St. Francis of Assisi

On this beautiful spring day, Vintage was privileged to have Theological Horizons board member Molly McFarland as a guest today. Not only did students enjoy her homemade barbeque chicken sandwiches, but they were also able to hear a little about Molly’s experience with Theological Horizons both as an undergraduate and now as a board member. Molly spoke about the impact it has had on her life, and she encouraged students to give back, whether through the UVa class gift donation or other ways. After listening to Molly speak, we jumped right into reading and discussing St. Francis of Assisi. Francis was born into a nouveau rich family and lived from 1181-1226. He grew up to become a rowdy teenager; he travelled, learned French, and troubadour poetry. Francis lived in a violent era, and he was imprisoned for a year after fighting with Assisi against Perugia. At age 25, he rejected his family’s wealth, and he instead embraced lepers and joined those who were abandoned. He formed a community of poverty, humility, and service with the “brothers” that God gave him. Francis was known to be extroverted, eccentric, and cheerful despite living in poverty. His order of brothers expanded to Germany, France, Hungary, Spain and the Middle East. He lived his last days in a hermitage, suffered from illnesses, and died at age 45.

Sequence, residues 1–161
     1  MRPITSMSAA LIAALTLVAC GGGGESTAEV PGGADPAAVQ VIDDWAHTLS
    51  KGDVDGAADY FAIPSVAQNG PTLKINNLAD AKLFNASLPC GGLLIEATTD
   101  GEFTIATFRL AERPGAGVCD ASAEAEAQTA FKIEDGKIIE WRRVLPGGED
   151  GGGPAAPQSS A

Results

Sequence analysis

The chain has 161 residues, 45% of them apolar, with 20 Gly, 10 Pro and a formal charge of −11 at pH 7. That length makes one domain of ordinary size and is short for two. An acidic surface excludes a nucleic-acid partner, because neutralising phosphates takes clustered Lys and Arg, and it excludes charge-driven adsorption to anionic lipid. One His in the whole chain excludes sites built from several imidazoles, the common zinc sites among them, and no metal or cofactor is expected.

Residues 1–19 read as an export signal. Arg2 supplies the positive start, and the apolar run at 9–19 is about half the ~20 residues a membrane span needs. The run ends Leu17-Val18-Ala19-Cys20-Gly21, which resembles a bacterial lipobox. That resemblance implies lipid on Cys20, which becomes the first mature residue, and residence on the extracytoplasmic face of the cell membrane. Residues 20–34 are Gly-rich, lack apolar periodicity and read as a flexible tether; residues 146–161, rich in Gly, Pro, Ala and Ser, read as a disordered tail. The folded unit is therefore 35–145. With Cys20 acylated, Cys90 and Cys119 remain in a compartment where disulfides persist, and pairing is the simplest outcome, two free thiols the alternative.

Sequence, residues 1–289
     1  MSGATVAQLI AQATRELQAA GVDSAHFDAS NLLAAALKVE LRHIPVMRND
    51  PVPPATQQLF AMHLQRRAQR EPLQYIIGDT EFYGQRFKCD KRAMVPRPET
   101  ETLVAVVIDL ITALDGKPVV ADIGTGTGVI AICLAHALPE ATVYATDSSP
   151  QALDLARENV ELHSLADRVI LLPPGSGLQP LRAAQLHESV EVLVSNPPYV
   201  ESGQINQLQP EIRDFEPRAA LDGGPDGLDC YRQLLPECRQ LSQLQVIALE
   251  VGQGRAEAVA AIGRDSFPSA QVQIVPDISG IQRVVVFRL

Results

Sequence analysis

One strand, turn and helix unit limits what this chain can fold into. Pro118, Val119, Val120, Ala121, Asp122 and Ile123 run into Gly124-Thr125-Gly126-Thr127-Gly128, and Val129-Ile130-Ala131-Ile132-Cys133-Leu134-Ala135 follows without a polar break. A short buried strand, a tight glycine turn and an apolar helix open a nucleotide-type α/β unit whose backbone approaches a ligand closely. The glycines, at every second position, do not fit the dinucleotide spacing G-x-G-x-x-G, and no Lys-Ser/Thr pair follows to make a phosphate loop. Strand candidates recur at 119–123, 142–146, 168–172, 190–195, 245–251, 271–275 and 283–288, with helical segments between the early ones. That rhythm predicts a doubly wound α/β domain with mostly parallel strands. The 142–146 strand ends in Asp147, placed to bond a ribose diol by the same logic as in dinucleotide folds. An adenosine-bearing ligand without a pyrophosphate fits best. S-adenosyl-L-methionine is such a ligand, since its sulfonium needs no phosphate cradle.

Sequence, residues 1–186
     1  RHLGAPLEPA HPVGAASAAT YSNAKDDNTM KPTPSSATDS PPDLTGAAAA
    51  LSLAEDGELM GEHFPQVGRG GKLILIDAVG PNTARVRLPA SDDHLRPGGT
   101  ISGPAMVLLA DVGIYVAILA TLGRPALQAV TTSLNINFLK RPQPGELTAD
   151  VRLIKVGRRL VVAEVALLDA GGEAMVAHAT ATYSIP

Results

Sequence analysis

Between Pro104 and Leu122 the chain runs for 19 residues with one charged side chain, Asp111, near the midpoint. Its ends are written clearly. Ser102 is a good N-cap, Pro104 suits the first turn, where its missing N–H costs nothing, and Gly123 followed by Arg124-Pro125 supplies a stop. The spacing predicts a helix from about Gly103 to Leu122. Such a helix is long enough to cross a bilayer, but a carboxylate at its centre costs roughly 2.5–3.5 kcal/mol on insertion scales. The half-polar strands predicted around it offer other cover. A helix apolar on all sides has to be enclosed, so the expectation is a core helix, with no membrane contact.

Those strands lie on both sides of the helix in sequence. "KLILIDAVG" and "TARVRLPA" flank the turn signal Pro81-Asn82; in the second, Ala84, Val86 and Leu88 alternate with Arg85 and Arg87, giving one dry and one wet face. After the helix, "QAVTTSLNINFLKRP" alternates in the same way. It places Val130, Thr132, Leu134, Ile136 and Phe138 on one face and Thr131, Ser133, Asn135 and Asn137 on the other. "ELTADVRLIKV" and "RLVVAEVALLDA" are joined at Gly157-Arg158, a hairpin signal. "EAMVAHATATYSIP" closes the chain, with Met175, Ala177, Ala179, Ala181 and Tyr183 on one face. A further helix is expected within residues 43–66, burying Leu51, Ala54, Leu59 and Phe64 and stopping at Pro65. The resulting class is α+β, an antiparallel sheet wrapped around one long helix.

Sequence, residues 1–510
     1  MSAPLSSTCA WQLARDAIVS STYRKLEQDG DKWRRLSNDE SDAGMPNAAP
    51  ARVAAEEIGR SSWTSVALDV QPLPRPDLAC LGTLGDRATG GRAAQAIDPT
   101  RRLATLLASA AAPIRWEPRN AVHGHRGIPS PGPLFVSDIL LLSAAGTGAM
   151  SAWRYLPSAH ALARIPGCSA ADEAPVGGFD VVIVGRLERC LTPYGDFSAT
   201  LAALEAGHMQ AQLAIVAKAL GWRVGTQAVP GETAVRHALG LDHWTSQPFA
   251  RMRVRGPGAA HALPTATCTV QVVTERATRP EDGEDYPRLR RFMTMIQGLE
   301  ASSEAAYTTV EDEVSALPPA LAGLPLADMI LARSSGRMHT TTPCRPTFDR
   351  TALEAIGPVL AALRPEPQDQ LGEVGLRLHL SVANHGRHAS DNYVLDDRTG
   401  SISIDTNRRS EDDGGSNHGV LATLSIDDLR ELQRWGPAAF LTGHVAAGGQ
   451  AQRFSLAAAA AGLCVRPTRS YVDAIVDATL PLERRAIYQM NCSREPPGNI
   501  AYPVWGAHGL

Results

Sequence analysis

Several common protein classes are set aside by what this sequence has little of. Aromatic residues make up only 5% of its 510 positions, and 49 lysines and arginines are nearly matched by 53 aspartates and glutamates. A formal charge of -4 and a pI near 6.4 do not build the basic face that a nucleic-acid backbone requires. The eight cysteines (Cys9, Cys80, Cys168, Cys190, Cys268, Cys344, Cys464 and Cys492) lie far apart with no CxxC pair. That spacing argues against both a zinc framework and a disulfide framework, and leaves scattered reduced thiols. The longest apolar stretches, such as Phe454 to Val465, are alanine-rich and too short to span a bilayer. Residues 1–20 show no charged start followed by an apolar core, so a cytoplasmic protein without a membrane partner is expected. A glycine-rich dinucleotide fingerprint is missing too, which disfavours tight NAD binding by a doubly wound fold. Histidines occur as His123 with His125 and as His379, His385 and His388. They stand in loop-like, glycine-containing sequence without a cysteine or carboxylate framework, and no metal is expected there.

Students began the discussion of St. Francis by bringing up a famous quote that is attributed to him: “Preach the Gospel at all times, and when necessary use words.” This quote is a reminder of the impact our actions and the way in which we live can have on others. Yet students were careful to not disregard the importance of words. Even when it might be uncomfortable to do so, preaching the gospel verbally is often necessary as well. Today at Vintage, we also discussed what St. Francis had to say on forgiveness and reconciliation. We read the story of “Francis and the Wolf of Gubbio,” which tells the miracle of how Francis saves the town from a ferocious wolf that is terrorizing the people. He is able to tame the wolf and make an oath with it through the power of God. Francis saw the need beneath the fear of the people and the fierceness of the wolf, and he mediated an agreement where both sides gave up something to bring about reconciliation. This story is a picture of the need for forgiveness and reconciliation throughout the world.


To hear Molly McFarland speak on Theological Horizons, check out the video on YouTube: